Conversation from January/February 2011, between myself and Noam Chomsky:
GS: As the world’s leading linguist, what are your thoughts on Watson, the robot that will be appearing on “Jeopardy”? This appears to be the most advanced form of AI to date.
NC: I’m not impressed by a bigger steamroller.
GS: I assume that “a bigger steamroller” is a reference to Deep Blue. Watson understands spoken language and adapts its knowledge based on human interaction. What level of AI would be required to impress you?
NC: Watson understands nothing. It’s a bigger steamroller. Actually, I work in AI, and a lot of what is done impresses me, but not these devices to sell computers.
GS: What do you think of the Turing Test?
NC: Exactly what Turing did in the 8-page paper in which he outlined it, and which no one seems to able to read. As he made clear, the question whether machines think “is too meaningless to deserve discussion” (from memory, but something like that).
GS: What work are you doing in the field of AI?
NC: The work I do on language involves computational systems of mind. Same with many others. Same with work of the David Marr school on vision. And much more in the cognitive sciences. That’s the serious part of AI, I think.
GS: As you consider the idea of questioning if a computer can have intelligence pointless, do you feel that AI needs a new name?
NC: There was a famous debate about 40 years ago between Marvin Minsky, the guru of AI, and Jerry Lettvin, a biologist at MIT. At one point Jerry said he thought the field was misnamed: it should be called “natural stupidity”. I didn’t say that I regarded the Turing test as pointless. Rather, I agree with Turing, who thought there was a point to his “imitation game” (“Turing test”).
GS: My apologies if I incorrectly attributed the “pointless” remark to you… I took it from Jack Copeland, who writes, “Can a computer possibly be intelligent, think and understand? Noam Chomsky suggests that debating this question is pointless, for it is a question of decision, not fact: decision as to whether to adopt a certain extension of common usage. There is, Chomsky claims, no factual question as to whether any such decision is right or wrong–just as there is no question as to whether our decision to say that aeroplanes fly is right, or our decision not to say that ships swim is wrong.” Is he right in his interpretation of your views?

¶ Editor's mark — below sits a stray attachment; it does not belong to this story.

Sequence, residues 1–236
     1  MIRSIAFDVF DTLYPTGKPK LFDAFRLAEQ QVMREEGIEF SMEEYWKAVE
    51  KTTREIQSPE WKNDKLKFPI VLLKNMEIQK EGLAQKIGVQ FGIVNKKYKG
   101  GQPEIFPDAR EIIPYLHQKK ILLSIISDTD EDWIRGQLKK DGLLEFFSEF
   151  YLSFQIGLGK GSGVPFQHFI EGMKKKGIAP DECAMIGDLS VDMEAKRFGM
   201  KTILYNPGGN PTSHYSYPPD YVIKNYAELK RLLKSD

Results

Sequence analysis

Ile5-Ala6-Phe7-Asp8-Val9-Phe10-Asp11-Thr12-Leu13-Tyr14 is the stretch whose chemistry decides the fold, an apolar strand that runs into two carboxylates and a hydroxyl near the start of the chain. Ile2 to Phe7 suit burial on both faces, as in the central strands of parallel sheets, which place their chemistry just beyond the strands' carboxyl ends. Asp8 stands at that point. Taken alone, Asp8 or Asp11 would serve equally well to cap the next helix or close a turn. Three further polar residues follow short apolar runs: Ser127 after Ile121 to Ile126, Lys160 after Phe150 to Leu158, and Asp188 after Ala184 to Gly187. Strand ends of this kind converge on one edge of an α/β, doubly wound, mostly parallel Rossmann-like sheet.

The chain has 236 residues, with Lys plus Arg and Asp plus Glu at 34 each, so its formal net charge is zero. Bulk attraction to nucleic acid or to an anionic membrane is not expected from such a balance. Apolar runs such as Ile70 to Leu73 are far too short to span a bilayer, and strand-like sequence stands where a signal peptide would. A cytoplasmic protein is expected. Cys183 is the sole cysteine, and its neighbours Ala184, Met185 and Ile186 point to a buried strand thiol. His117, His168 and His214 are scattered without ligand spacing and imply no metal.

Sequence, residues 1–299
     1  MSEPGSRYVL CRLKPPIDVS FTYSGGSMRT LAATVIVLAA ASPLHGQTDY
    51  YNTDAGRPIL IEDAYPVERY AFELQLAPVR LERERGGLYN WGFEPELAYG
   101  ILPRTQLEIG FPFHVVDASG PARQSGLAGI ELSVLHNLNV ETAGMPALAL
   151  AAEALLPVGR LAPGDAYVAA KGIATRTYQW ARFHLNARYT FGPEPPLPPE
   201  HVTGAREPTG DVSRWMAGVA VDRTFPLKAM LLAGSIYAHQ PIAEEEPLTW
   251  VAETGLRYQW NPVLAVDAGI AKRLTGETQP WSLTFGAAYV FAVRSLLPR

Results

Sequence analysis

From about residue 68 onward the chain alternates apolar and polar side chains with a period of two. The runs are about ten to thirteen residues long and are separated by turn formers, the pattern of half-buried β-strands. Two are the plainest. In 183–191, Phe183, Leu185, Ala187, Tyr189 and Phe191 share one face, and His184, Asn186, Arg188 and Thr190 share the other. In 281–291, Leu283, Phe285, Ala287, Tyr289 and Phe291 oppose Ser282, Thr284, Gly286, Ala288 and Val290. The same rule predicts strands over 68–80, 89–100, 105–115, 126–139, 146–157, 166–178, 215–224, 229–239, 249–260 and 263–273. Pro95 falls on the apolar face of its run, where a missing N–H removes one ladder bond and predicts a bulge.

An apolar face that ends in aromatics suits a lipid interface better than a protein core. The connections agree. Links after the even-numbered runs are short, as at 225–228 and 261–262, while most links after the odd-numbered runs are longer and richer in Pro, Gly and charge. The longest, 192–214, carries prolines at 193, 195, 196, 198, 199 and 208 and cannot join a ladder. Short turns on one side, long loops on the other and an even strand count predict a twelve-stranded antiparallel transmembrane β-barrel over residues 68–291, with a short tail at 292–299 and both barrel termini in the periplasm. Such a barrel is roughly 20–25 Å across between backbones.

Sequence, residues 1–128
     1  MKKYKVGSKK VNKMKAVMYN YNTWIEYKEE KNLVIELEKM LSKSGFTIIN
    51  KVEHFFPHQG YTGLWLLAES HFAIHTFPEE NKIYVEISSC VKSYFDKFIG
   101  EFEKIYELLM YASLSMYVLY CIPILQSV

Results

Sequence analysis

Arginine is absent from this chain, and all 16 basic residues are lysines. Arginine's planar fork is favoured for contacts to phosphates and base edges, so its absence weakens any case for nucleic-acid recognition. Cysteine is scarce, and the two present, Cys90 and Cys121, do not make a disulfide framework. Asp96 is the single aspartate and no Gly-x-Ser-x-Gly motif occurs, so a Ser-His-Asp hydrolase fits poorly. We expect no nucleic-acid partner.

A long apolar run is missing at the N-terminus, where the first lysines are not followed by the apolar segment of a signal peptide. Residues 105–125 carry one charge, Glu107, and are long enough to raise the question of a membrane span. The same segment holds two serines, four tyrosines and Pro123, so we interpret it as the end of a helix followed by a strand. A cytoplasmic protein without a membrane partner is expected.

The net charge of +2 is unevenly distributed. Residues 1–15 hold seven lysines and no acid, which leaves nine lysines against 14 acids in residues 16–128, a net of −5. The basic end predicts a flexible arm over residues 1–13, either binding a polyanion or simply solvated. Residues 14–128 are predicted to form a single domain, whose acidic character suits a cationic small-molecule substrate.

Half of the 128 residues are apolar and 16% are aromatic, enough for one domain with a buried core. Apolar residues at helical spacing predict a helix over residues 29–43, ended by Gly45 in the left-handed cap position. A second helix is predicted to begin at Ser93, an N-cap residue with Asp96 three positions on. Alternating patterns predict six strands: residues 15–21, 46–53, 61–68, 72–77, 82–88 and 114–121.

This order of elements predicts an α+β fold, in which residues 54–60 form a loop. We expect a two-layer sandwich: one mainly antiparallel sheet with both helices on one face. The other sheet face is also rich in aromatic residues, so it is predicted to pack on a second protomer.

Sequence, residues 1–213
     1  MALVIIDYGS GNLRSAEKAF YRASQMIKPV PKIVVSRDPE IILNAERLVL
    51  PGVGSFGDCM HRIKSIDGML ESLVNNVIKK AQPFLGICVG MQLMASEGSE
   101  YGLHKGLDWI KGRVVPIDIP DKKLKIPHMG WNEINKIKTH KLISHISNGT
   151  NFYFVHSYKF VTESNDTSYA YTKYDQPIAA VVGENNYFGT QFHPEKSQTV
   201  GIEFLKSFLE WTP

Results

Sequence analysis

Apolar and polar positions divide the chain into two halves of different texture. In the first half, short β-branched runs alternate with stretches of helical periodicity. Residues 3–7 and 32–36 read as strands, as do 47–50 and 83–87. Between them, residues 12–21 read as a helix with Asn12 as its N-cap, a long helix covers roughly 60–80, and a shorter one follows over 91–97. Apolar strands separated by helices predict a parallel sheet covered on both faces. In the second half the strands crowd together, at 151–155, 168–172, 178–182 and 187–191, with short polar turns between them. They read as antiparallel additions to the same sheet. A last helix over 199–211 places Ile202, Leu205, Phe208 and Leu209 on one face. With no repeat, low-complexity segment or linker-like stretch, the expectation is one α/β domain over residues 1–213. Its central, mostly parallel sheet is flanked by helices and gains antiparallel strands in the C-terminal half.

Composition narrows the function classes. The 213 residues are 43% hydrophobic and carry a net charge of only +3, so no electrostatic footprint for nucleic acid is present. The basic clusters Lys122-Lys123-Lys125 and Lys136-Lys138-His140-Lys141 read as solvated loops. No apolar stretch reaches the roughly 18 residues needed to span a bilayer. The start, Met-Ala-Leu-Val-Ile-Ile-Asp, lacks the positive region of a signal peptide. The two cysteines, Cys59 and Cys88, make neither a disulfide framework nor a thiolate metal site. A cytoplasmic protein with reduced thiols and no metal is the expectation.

NC: I don’t know who Copeland is, but he should take the trouble to read Turing’s paper –- after all, it’s quite short. I simply endorsed what he said. I won’t comment on the rest.
(Gavin notes: Jack Copeland is a Professor of Philosophy at the University of Canterbury and the Director of the Turing Archive for the History of Computing. He has undoubtedly read the paper in question.)
GS: Watson doesn’t “know” anything, as you said. Is it always wrong to use “knowledge” or “intelligence” when discussing computers, no matter how advanced? Are these terms strictly human?
NC: The computer is in itself is maybe a good paperweight. It’s the program that is doing everything. A program is a theory written in a weird notation, so it can be executed by computer. By the standards of theories, this one is an awful theory.
I discussed computer intelligence in a paper I wrote for a Turing symposium. (Which you can find here — the only free location on the Web, folks!)
GS: If Watson is a “bigger steamroller” compared to Deep Blue, is the human brain a “bigger steamroller” than a primate brain? If not, why does the analogy not work?
NC: Insects can carry out intellectual feats that you and I can’t. That doesn’t mean that their brains are bigger steamrollers than human brains. They function differently, and it’s a hard problem to discover how.
Response from Ray Kurzweil
Ray Kurzweil, a notable futurist and inventor, responded to Chomsky’s words on February 13, 2011 (the eve of the competition’s airing).
Kurzweil says that Chomsky’s “answers are so brief that it is difficult to understand what he is trying to say. I would say that Watson is clearly not yet ‘strong AI’, but it is an important step in that direction. It is the clearest demonstration I’ve seen of computers handling the subtleties of language including metaphors, puns and jokes, something people had said would not be possible. I don’t agree with Chomsky that Watson is not impressive in that regard. As long as AI has any flaws or limitations, people will jump on these. By the time that the set of these limitations is nil, AI will have long since surpassed unaided human intelligence.”